Support the EU citizens' initiative "Stop Finning - Stop the Trade" for an EU-wide trade ban on loose shark fins.
Millions and millions of sharks die every year. Their population numbers have been in decline for decades - with far-reaching consequences. A good ¼ of all species are classified as endangered on the IUCN Red List, and many are already extinct.
There are many reasons for this. Starting with the by-catch problem, environmental pollution or the increasingly obvious effects of climate change. The main reason, however, still lies in targeted fishing. Here, it is not the entire animal that is on the catch list, but primarily the valuable fins. To save space on the ships, the fins are cut off and the mutilated, often still living sharks are thrown back into the sea.
The fins are then traded on from their fishing grounds, mainly to be marketed as a delicacy in shark fin soup or as a panacea in traditional Chinese medicine.
Europe is also involved in this trade, whether by catching and processing sharks itself or as a central transshipment point for fins from around the world.
Voluntary measures to restrict fishing are not to be expected. On the contrary, demand for the coveted fins is increasing. And where there is demand, there is profit.
The only viable option lies in appropriate legislation.
The first steps in this direction have already been taken in the EU since 2013. The "Fins Naturally Attached" regulation prohibits the storage, transhipment and landing of any loose shark fins on EU vessels. This should ban the cruel practice of shark finning and achieve a general decrease in European shark fishing.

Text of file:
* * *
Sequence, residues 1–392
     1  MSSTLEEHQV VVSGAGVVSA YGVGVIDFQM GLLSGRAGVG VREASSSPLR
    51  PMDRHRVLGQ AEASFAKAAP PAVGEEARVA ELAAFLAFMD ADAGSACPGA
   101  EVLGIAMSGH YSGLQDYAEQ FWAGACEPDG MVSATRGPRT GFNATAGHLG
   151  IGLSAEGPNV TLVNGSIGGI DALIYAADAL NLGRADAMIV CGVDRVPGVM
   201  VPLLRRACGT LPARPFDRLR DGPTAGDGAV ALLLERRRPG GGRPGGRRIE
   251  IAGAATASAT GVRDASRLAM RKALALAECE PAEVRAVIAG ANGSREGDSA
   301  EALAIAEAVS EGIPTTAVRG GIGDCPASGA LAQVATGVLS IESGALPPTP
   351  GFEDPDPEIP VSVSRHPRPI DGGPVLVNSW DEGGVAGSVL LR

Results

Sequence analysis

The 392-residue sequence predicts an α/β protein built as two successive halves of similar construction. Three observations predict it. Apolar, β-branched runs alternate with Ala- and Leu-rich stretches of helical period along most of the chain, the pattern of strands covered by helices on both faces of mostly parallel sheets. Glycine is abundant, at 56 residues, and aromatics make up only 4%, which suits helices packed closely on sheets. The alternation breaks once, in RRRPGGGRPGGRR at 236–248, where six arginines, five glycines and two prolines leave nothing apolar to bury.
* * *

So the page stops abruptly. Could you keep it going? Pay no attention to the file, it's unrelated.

The reality, however, is different. Although there was a brief decline in catches, the targeted marketing of shark meat quickly brought them back to their original levels. As soon as the animals are landed, they can still legally have their fins removed. And as long as this and the trade in loose fins is allowed, Europe will continue to be one of the main transshipment centres.
There is also the problem of illegal trade in CITES species in Europe. Without genetic analyses, it is almost impossible to determine which shark species the detached fins come from. As soon as the entire animal has to be transported, this difficulty disappears.
This is exactly where the EU citizens' initiative "Stop Finning - Stop the Trade" comes in.
The aim is to extend the "Fins Naturally Attached" regulation and thus ban the complete import, transit & export of loose fins.
With the achievement of the necessary 1 million signatures from at least 7 EU countries, the European Commission is obliged to negotiate a corresponding amendment to the law. If the extension is approved, the trade in fins will suddenly become unprofitable. A drastic decline in European and worldwide shark fishing is to be expected as a result. After all, who would want to transport a 500 kg shark across Europe just for two pairs of fins!
All eligible EU citizens can vote directly here until 31.1.2022: https://eci.ec.europa.eu/012/public/